A positive fecal occult blood test
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Gastrointestinal bleeding or gastrointestinal hemorrhage describes every form of hemorrhage (loss of blood) in the gastrointestinal tract, from the pharynx to the rectum. It has diverse causes, and a medical history, as well as physical examination, generally distinguishes between the main forms. The degree of bleeding can range from nearly undetectable to acute, massive, life-threatening bleeding.
Initial emphasis is on resuscitation by infusion of intravenous fluids and blood transfusion. Treatment with proton pump inhibitors, octreotide, and antibiotics may be considered in certain cases. Upper endoscopy or colonoscopy are generally considered appropriate to identify the source of bleeding and carry out treatment.
- 1 Signs and symptoms
- 2 Differential diagnosis
- 3 Diagnostic approach
- 4 Prevention
- 5 Treatment
- 6 Prognosis
- 7 Epidemiology
- 8 References
Signs and symptoms
Gastrointestinal bleeding can range from small none visible amounts, which are only detected by laboratory testing, to massive bleeding where bright red blood is passed and shock develops. With bleeding that is rapid there may be syncope.
Gastrointestinal bleeding can be roughly divided into two clinical syndromes: upper gastrointestinal bleeding and lower gastrointestinal bleeding. Common causes of gastrointestinal bleeding include infections, cancers, vascular disorders, adverse effects of medications, and blood clotting disorders.
Upper gastrointestinal bleeding is from a source between the pharynx and the ligament of Treitz. An upper source is characterised by hematemesis (vomiting up blood) and melena (tarry stool containing altered blood). About half of cases are due to peptic ulcer disease. Esophageal inflammation and erosive disease are the next most common causes. In those with liver cirrhosis, 50–60% of bleeding is due to esophageal varices. Approximately half of those with peptic ulcers have an H. pylori infection. Other causes include gastric or duodenal ulcers, Mallory-Weiss tears, cancer, and angiodysplasia.
A number of medications are found to cause upper GI bleeds. NSAIDs or COX-2 inhibitors increase the risk about fourfold. SSRIs, corticosteroids, and anticoagulants may also increase the risk. The risk with dabigatran is 30% greater than that with warfarin.
Lower gastrointestinal bleeding is typically from the colon, rectum or anus. Common causes of lower gastrointestinal bleeding include hemorrhoids, cancer, angiodysplasia, ulcerative colitis, Crohn's disease, and aortoenteric fistula. It may be indicated by the passage of fresh red blood rectally, especially in the absence of bloody vomiting. Isolated melena may originate from anywhere between the stomach and the proximal colon.
A number of foods and medications can turn the stool either red or black. Bismuth found in many antacids may turn stools black as may activated charcoal. Blood from the vagina or urinary tract may also be confused with blood in the stool.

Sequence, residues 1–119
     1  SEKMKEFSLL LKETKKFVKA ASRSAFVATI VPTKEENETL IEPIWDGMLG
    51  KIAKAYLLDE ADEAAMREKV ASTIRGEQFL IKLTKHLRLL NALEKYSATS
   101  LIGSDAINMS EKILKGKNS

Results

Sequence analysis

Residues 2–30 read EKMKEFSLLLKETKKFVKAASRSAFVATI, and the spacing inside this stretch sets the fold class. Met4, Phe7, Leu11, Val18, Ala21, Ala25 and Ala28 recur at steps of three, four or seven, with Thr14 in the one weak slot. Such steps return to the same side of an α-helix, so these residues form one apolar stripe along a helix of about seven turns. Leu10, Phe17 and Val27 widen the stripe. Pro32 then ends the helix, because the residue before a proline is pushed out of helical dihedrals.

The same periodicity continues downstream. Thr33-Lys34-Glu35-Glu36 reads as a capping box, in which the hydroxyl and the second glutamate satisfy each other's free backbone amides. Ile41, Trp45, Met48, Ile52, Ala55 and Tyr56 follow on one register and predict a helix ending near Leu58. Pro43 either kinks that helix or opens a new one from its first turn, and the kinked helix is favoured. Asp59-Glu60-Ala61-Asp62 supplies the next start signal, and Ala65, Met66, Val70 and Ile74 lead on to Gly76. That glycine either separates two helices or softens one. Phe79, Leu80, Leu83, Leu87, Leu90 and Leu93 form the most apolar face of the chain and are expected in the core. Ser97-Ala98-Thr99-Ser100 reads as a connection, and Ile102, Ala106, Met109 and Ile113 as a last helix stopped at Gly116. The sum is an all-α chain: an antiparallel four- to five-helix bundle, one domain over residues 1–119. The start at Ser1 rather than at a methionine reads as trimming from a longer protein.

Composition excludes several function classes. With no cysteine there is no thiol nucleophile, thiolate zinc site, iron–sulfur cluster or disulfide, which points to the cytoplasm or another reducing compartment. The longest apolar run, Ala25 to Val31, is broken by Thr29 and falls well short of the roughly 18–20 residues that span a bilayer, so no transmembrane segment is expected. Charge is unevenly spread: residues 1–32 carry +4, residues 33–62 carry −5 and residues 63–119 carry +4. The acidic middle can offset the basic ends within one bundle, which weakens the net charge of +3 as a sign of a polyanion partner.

Diagnosis is often based on direct observation of blood in the stool or vomit. This can be confirmed with a fecal occult blood test. Differentiating between upper and lower bleeding in some cases can be difficult. The severity of an upper GI bleed can be judged based on the Blatchford score or Rockall score. The Rockall score is the more accurate of the two. As of 2008 there is no scoring system useful for lower GI bleeds.
Gastric aspiration and or lavage, where a tube is inserted into the stomach via the nose in an attempt to determine if there is blood in the stomach, if negative does not rule out an upper GI bleed but if positive is useful for ruling one in. Clots in the stool indicate a lower GI source while melana stools an upper one.
Recommended laboratory blood testing includes: cross matching blood, hemoglobin, hematocrit, platelets, coagulation time, and electrolytes. If the ratio of blood urea nitrogen to creatinine is greater than 30 the source is more likely from the upper GI tract.
A CT angiography is useful for determining the exact location of the bleeding within the gastrointestinal tract. Nuclear scintigraphy is a sensitive test for detecting occult gastrointestinal bleeding when direct imaging with upper and lower endoscopies are negative. Direct angiography allows for embolization of a bleeding source, but requires a bleeding rate faster than 1mL/minute.
In those with significant varices or cirrhosis nonselective β-blockers reduce the risk of future bleeding. With a target heart rate of 55 beats per minute they reduce the absolute risk of bleeding by 10%. Endoscopic band ligation (EBL) is also effective at improving outcomes. Either B-blockers or EBL are recommended as initial preventative measures. In those who have had a previous varcial bleed both treatments are recommended. With some evidence supporting the addition of isosorbide mononitrate. Testing for and treating those who are positive for H. pylori is recommended. Transjugular intrahepatic portosystemic shunting (TIPS) may be used to prevent bleeding in people who re-bleed despite other measures.
The initial focus is on resuscitation beginning with airway management and fluid resuscitation using either intravenous fluids and or blood. A number of medications may improve outcomes depending on the source of the bleeding.